Every couple of weeks, I attend a widow's support group at a friend's house-we're a group of women with a wide age range..from forty something to seventy somethings, all with a wide variety of backgrounds. Recently, we were discussing finances and the world in general. One of the older women shared that it used to be the case that one's house was,in essence, one's retirement
For many of us, that time has changed. In my case, I only bought this house a few years ago, and can foresee paying a mortgage for some time. This means that a hefty portion of my income will go towards either house payments or basic house upkeep. With a base income of $3500.00 (not including various tiny income streams and supplements), this means means that my housing expenses (mortgage, utilities, security, and basic home maintenance) come to approximately two thirds of what's coming in monthly. While I expect I'll be able to manage that with income stream assistance, its a huge percentage. There are still medical premiums and expenses, food, transportation and car maintenance costs, and pet care just to name a few. That doesn't include all the little things that come up, nor does it cover the 'lifestyle" expenses of travel, quilting, or the other things that make my life full.
I am not the only person dealing with the "house poor" phenomenon these days. No longer do we live in a society where everyone necessarily lives in a single house their entire lives. As we move, often for work or better opportunities, new house costs arise. While there are people like my brother who has paid his house off prior to retirement, there are others of us who are looking at continued payments. Even for those who have homes paid off, there are still all those little expenses that are part of owning a home that can drain the bank account. Routine maintenance, weather emergencies, appliances that wear down or out, homeowners insurance, even home association dues. All these small items add up and eat away at the cash on hand. Due to the economy, there's also another group out there.......folks that had planned to sell and downsize to a more manageable abode, but find themselves unable to get their home sold. Unfortunately this group may be growing.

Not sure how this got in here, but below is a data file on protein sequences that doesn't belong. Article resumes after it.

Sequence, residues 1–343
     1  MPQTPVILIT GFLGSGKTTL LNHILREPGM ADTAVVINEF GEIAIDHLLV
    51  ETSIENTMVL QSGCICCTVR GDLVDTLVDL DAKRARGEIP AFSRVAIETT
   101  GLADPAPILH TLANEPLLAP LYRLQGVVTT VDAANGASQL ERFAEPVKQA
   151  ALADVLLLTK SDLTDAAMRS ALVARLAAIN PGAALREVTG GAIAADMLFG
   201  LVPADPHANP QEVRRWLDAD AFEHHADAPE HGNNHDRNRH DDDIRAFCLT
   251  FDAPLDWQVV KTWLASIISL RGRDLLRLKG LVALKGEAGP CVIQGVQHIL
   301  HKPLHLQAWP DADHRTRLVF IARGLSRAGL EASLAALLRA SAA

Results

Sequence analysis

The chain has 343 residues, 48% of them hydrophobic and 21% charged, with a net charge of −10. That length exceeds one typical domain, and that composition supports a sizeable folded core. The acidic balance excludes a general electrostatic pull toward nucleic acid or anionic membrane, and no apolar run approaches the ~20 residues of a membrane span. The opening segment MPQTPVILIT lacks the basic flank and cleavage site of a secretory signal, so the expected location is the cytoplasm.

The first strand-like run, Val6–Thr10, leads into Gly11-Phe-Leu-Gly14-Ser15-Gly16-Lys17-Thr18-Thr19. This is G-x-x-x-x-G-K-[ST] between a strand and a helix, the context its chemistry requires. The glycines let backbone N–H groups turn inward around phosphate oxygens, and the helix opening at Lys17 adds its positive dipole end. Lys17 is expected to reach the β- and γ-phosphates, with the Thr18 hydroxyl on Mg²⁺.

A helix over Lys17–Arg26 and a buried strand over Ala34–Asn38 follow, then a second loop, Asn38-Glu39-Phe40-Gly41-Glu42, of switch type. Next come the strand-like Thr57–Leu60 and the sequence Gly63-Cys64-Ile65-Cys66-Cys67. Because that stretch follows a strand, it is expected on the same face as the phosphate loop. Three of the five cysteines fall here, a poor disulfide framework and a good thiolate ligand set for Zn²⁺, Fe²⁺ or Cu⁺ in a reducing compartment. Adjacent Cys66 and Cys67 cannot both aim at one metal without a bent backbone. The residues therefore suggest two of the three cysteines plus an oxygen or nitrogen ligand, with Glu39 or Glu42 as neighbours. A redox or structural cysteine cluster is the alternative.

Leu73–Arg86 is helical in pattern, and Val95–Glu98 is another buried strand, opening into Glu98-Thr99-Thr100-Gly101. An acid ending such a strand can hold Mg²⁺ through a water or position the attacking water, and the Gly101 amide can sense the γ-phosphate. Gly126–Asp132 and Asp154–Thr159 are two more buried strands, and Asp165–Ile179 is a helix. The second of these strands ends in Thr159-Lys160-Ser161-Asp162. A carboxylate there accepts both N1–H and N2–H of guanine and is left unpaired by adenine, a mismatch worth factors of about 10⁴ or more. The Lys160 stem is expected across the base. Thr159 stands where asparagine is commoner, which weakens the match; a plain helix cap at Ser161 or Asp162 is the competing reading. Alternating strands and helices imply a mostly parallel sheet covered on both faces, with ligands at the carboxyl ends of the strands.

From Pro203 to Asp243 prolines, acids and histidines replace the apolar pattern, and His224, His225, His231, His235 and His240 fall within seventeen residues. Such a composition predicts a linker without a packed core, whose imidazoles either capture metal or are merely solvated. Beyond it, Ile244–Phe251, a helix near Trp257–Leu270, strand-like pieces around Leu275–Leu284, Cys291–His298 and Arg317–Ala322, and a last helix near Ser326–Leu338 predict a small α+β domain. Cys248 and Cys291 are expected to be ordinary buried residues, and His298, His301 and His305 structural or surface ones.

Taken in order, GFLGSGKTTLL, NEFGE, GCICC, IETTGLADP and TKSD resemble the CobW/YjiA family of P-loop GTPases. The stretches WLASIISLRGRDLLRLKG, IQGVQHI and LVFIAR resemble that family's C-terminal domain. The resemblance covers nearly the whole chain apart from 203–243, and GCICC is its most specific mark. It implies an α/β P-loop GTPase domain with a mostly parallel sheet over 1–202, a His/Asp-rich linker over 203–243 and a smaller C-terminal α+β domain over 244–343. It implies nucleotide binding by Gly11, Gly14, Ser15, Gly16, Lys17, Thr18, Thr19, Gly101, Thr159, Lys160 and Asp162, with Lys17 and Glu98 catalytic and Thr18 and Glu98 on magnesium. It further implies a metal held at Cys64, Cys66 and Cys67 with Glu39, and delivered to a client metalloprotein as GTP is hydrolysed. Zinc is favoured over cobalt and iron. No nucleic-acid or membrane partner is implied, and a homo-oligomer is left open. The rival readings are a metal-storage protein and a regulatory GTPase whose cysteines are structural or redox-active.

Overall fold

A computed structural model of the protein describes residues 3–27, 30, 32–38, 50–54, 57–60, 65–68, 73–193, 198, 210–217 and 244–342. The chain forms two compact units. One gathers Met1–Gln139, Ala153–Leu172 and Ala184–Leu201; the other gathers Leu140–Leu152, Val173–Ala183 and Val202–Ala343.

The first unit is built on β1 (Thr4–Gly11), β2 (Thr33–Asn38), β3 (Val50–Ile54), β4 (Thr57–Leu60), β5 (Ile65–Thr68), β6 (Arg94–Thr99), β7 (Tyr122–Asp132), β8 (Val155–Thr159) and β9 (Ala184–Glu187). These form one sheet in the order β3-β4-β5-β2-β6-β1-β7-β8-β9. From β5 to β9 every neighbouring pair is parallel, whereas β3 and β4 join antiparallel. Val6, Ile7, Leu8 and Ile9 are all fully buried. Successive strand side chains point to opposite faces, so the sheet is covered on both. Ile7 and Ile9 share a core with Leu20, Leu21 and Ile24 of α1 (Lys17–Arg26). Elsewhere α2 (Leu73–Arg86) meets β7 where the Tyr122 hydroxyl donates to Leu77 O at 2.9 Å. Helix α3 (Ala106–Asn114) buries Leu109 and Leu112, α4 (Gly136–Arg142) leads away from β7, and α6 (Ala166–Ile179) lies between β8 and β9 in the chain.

When our house is too much for us (financially or otherwise), we can do one of two things (depending on economic feasibility). First, we can downsize. We can rent a smaller home or condo, buy a smaller home or condo, move to a mobile home, even go on the road in an RV (although I suspect that's a stretch for many of us nesters). Eventually, I plan to downsize, once I decide where I want to do that (Denver, Hill Country, or stay in place). Meanwhile, like many, I'm dealing with the situation as it is now.
The second alternative is to find ways to lower the costs of the house we are in. Ways to do this can run the gamut from sharing a house, cutting services like cable, improving home efficiency and other ways. In my case, I am working on finding ways to make my home more comfortable and more efficient, while lowering long term costs. This means that what tiny bit of disposable income I have left is going towards affordable housing changes and improvements. I've installed storm doors even though we live in Texas (in other words, I have two doors, like much of the north does). I'm making sure that my appliances run efficiently, and replacing my dishwasher with a more energy efficient model. Although new windows are not in my future, I've created energy efficient covers when necessary. And most importantly in this climate, I've begun the process to xeriscape my front and part of my backyard to low water and no maintenance plants, getting rid of most of the grass.
A side advantage of my "slowly but surely" preparations is that my house will be more manageable on a daily and weekly basis in terms of maintenance and needs. While I'm by no means handicapped, a serious and un-improvable knee issue means there are bad days, to say the least. Having the foresight to buy a home where everything is literally on one level (no basements in Texas) has already made things easier. Having no grass, for example, means that although I cannot always mow myself, I probably will no longer have to pay the boy down to road to mow and edge every two weeks. Of course, it also means the next time I take a road trip, I won't be concerned about how the lawn will look after two weeks.
Eventually, if God and the economy agree, I'll leave my yard, patio, and comfy but slightly too big house for something smaller and more efficient. Meanwhile, I'm finding ways to manage with what I've got, and still live the life I like.
What about you..have you downsized? Will you? How much time, effort and money does YOUR home require?